Bake the cookies for 10 to 11 minutes, reversing the position of the pans (top to bottom, and back to front) midway through. They’ll be set and just starting to turn golden. Remove the cookies from the oven, and cool them on a rack. When they’re cool, top them with the merest dusting of ground cinnamon; a tea strainer or other very fine sieve works well here.

Recipe adapted from: http://www.kingarthurflour.com/recipes/superdoodles-recipe

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Chive Bread

Welcome spring! err… I mean,Welcome spring chives! Here in Calgary, Alberta, where I currently live, spring doesn’t really ever happen. Oh, we have had days already that it has hit 18C (which is about 69F) , which is actually beautiful weather, but living at the foot of the Canadian Rockies always brings interesting weather.  Yesterday I finally put into the ground my 5 basil plants (4 large leaf Genovese and 1 Thai), flatleaf parsley, lemon thyme, jalapeno and bell pepper plants that I purchased last weekend. I also planted some radish seeds (they only take about 25 days until pickin’).

Todays Weather? 5C (41F) ! How are my poor basil plants supposed to survive in that kind of weather? I can only hope for some stinking hot July weather to save the day.  Not that I profess to be any kind of gardener. I lived in Manhattan for 20 yrs and never planted a thing in my life, but now have been slowly trying to add a little bit more to the garden every year. One of the best confidence boosters is chives.  Other than sticking them in the ground, you do nothing. Seriously. My neighbor gave me a small patch from her garden about 5 years ago and now I get this huge patch every year. If all else fails in the garden I can count on my chives, so when I out planting yesterday I noticed how big it was getting and dug out a wedge to pass along to one of my friends. It’s all great, but what’s a girl to do with so much chives? Bake bread, of course. This bread is moist and fragrant and is excellent for sandwiches or toast. After having it with soup for dinner last night, it was great with scrambled eggs and tomato this morning, and my husband just enjoyed it in a tuna fish sandwich. Bake on!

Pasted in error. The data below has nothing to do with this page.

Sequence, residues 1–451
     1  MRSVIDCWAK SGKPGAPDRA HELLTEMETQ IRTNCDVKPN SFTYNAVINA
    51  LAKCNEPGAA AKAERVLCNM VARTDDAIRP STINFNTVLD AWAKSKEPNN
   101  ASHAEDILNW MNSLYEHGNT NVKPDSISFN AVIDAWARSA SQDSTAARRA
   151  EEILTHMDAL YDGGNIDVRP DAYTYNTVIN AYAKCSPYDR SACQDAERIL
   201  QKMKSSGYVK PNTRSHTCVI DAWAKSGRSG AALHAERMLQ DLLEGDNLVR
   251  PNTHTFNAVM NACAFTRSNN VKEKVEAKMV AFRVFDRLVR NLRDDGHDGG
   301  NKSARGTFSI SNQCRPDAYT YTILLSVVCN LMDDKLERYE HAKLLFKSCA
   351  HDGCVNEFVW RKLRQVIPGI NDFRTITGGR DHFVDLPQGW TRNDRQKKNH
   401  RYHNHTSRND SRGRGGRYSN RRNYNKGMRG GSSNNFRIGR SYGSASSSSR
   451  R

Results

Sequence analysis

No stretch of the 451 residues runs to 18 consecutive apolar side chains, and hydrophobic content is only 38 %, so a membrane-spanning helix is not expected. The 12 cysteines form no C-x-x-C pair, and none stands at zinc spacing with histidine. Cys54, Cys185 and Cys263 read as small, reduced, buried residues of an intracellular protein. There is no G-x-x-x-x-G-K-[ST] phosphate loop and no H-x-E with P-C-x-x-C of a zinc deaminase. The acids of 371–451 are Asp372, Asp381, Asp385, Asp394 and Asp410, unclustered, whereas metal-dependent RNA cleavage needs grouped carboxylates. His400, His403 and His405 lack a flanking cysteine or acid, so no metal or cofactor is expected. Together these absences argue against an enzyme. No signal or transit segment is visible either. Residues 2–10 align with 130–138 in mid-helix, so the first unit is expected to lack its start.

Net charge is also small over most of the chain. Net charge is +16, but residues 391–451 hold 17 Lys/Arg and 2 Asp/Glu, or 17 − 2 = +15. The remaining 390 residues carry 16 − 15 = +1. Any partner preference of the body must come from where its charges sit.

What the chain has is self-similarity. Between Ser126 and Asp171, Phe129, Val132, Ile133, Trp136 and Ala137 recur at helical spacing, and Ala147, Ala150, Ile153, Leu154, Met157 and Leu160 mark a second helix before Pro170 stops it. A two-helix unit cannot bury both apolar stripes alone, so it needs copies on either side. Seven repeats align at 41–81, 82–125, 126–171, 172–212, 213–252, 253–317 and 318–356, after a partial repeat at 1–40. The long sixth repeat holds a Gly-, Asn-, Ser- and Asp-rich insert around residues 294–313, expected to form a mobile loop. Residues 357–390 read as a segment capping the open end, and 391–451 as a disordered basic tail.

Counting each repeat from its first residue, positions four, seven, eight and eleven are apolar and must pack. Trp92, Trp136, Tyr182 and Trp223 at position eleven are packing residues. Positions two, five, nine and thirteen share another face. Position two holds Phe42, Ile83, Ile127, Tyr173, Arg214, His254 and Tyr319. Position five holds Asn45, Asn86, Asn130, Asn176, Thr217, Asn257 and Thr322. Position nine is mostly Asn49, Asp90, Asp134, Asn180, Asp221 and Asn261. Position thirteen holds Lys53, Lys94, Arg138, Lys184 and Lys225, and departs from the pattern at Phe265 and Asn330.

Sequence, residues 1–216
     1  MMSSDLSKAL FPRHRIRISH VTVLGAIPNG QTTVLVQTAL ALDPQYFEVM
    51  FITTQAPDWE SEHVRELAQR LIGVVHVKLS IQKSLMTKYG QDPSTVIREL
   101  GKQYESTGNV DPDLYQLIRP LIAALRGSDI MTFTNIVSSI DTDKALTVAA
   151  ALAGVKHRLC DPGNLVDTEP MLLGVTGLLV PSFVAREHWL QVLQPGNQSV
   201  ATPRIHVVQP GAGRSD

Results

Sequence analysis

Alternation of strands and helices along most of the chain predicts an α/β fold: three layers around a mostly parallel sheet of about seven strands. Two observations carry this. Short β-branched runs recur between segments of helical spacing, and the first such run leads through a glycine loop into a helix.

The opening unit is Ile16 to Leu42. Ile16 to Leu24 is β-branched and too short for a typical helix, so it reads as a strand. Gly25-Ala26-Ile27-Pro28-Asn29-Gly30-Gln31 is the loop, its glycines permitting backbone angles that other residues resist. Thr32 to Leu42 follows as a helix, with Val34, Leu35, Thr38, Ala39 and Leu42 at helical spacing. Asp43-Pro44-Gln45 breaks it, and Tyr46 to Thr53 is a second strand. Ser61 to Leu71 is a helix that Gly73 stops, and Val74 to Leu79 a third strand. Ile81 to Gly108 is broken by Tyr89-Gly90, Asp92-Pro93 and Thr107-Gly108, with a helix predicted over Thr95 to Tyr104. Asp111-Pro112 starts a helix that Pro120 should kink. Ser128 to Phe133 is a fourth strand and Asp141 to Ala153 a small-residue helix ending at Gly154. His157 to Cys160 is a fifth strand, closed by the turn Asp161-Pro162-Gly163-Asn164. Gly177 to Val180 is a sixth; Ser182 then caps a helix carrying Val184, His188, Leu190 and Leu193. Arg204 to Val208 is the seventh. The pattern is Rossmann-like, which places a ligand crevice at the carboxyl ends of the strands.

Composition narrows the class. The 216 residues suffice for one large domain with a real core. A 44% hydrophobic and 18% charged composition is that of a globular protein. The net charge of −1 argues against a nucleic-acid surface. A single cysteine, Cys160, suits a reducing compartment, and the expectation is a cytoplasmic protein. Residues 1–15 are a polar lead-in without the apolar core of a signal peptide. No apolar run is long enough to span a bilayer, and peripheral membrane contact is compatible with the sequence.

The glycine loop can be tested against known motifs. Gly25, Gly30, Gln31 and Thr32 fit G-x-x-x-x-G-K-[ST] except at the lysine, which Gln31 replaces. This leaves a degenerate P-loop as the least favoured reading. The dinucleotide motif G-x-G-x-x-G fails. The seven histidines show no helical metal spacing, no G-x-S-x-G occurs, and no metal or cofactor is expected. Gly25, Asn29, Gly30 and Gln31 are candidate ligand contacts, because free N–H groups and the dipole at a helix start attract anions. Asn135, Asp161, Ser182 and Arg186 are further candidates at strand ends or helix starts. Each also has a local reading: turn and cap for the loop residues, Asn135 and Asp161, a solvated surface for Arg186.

Makes One Loaf, using a 9 x 5 inch loaf pan
1 cup (8 ounces) warm water
1/3 cup (3 ounces) whole or part-skim ricotta cheese
1 1/2 teaspoons salt
1 tablespoon sugar
3 cups (13 ounces) unbleached bread flour
1/2 cup (1 ounce) chopped chives (I  ended up adding a little more)
2 1/4 teaspoons active dry yeast

In the bowl of a standing mixer, place the warm water (90-100F) , the yeast, and the sugar; whisk to combine. Let this sit for 5 minutes to activate the yeast. Once foamy, add the remaining ingredients using the dough hook ( While many recipes say to start with the paddle attachment and then switch to the dough hook, I rarely ever do  this and start off directly with the dough hook with no difference that I can tell). Let the dough knead in the mixer for 10 minutes. The sides of the bowl should be completely clean, but the dough will still be slightly tacky – that’s okay- Don’t be tempted to add extra flour if you really don’t need to; it will toughen your bread. Place the dough into a lightly oiled bowl and cover with a clean towel or plastic wrap to double in size; this will take about 1 1/2 to 2 hours.

Lightly coat your loaf pan with butter and cooking spray

When the dough is double in size (if you stick a finger in the dough it will leave an impression), turn it out onto a clean work surface and roll the dough (you can even just pat it out with your hands) to a rectangle shape approximately 9 x 17 inches. Fold the dough into thirds, like a letter; pinch the seams firmly together and place into your loaf tin. Cover again with a clean towel or plastic film; let rise again for 45 minutes.

Meanwhile, preheat your oven to 350F.

When the dough has risen a second time, bake in the   preheated oven for approximately 35-40, or until a dark golden brown and it sounds hollow when tapped. Take it out of the pan and let cool completely on a cooling rack. Enjoy.Source: King Arthur Flour